It was great. I hadn't felt that connected to someone in a long time ... that is, until the next morning. "Hey, I don't think I want to go on our date after all," he began. "I'm feeling really anxious and confused."
My stomach dropped. My heart raced. I knew it was over.
Then came three days of manic depression. I acted like a total idiot and started throwing myself at anyone halfway decent and on OKCupid, that led to nothing but annoyance and some racy sexts.
I had 14 more days left in the experiment, a little more than halfway there. I thought about how I could improve my circumstances because really, it couldn't get much worse. I got real with myself and realized I was asking out a lot of people that I wasn't that into just so I could say I asked someone out that day. I needed to change my strategy to only asking out guys I genuinely wanted to meet.
Over the next few days, I saw an increase in the level of confidence I had in asking people out. One said yes, although it didn't go anywhere and a few others didn't respond or politely declined. I asked for a cute guy's number that I struck up a conversation with at a birthday party, who took my number but never texted or called me. Although I had a lot more interest in the guys I was asking out, I still wasn't having much luck.
I finally worked up the courage to go to a bar. I'm not really a bar type of girl and am suspect of people who try to find dates or hookups that way. It was a pretty big deal for me to do something like this.
When I got there, I awkwardly played on Instagram while I waited to order a drink. I said hello to the bartender, tried to act naturally, and took in my surroundings. Granted, this was in the middle of the suburbs, so there wasn't really a great crowd there to choose from. Most of the people were groups and couples. I didn't feel I could infiltrate. There were maybe three other singletons at the bar, all of whom were men who were too old for me to even look at.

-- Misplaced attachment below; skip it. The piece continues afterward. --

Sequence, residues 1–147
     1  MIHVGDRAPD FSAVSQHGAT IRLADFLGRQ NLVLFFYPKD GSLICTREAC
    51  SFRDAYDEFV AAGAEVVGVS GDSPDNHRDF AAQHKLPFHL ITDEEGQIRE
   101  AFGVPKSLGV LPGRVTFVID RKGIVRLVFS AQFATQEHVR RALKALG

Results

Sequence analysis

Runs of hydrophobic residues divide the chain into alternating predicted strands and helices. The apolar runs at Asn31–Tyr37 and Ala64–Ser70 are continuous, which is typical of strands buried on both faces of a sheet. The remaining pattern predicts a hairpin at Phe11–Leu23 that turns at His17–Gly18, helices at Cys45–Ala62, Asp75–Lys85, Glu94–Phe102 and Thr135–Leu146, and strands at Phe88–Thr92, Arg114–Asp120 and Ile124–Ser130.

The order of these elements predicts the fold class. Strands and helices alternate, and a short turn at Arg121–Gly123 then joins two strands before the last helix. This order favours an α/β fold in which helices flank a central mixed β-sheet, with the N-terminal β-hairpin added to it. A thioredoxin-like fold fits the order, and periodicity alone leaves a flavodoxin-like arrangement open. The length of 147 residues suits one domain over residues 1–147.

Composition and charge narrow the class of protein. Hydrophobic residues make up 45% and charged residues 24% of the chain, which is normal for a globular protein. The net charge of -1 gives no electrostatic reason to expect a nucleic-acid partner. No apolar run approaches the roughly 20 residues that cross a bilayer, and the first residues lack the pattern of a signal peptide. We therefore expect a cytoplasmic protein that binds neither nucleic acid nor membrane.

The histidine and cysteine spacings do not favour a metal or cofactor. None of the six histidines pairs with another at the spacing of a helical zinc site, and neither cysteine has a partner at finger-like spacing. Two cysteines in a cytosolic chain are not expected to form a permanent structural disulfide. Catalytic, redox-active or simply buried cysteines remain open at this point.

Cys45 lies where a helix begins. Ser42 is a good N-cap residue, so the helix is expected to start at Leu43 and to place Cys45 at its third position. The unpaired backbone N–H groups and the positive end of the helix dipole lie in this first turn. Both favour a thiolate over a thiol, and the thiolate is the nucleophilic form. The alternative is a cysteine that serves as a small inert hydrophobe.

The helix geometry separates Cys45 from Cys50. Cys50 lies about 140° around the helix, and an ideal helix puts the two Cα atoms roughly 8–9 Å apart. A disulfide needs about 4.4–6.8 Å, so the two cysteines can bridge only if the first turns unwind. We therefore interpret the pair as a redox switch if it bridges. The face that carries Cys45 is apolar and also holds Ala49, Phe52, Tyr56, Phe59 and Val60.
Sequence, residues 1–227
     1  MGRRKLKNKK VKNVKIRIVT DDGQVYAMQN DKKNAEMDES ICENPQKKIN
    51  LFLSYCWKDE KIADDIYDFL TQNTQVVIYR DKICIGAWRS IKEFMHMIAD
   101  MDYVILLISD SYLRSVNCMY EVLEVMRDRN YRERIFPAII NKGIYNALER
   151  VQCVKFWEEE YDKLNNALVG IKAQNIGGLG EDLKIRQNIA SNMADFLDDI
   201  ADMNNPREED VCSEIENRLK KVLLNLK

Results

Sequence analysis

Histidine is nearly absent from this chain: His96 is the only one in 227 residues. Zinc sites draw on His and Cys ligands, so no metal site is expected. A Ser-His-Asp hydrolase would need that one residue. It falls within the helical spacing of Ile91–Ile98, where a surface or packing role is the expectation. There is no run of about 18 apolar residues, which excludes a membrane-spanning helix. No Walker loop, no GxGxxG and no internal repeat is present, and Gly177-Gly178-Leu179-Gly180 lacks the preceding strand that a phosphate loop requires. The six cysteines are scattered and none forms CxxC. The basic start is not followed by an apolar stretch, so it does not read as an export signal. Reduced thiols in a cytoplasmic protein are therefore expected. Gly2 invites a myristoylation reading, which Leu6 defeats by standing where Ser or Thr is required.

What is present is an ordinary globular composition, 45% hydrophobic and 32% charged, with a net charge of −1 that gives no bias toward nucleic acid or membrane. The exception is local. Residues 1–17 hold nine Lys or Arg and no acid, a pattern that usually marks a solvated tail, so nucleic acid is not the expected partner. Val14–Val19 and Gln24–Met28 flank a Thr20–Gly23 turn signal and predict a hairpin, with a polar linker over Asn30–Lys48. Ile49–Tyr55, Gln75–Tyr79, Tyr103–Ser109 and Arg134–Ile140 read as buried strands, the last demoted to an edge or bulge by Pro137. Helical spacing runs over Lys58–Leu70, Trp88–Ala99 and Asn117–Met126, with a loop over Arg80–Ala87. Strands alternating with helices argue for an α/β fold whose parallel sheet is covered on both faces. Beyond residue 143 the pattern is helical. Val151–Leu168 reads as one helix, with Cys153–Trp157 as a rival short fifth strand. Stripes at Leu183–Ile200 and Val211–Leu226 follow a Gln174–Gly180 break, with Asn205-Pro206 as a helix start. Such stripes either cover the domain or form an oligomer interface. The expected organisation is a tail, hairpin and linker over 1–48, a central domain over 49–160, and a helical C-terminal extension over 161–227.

I left feeling somewhat defeated, since the experience hadn't resulting in any connections. The universe works in mysterious ways, though, as I got a message back from someone on OKCupid I had been back-and-forthing with for a few days.
He said he was down to have a phone conversation with me and I couldn't have been more thrilled. That night we did have a phone conversation — and a great one at that. He seemed nice and we decided to go on a date that upcoming Friday night.
Unfortunately, he was incredibly awkward in person. He was a nice guy, but someone I knew I'd never be seeing again for a second date.
By this point, the end of the experiment had come. It was odd to end on such a bad note but it was interesting to see the progression that had come out of the past month.
I clearly saw a few patterns: I was shy and it was hard to get out of my comfort zone. I'm also too cautiously optimistic, which led to a lot of disappointment. I used to be more blunt and just go on a date with someone if I liked them but over the past few months I had resorted more to phone call screenings.
There's no getting around the fact that meeting people in person solidifies your connection in a way that a phone call can't accomplish. So if I really am interested in someone, the sooner I meet them, the better. But there's also definitely such a thing as going too fast, as I learned the hard way early on in the month.
This experiment forced me to get outside of that comfort zone and stop being afraid of being vulnerable. There was a particular guy's number I'd been saving in my phone just-in-case for almost two months after we'd agreed to stop communicating. It was a situation that I had royally f*cked up but I realized my mistakes and had saved his number since he interested me more than at least 98 percent of the people I'd talked to or gone on dates with in the past few months.
I decided to give it a shot and text him, telling him I realized my fault and that, if he was open to it, I'd like to start over. I was in shock when actually agreed.
I'm hopeful, but even if it doesn't go anywhere with him, it's proof to me that I can get outside of my shy bubble and make sh*t happen in my dating life. It turns out that dating is a lot like business: calculated risks are often necessary, and when executed properly, pay off big time.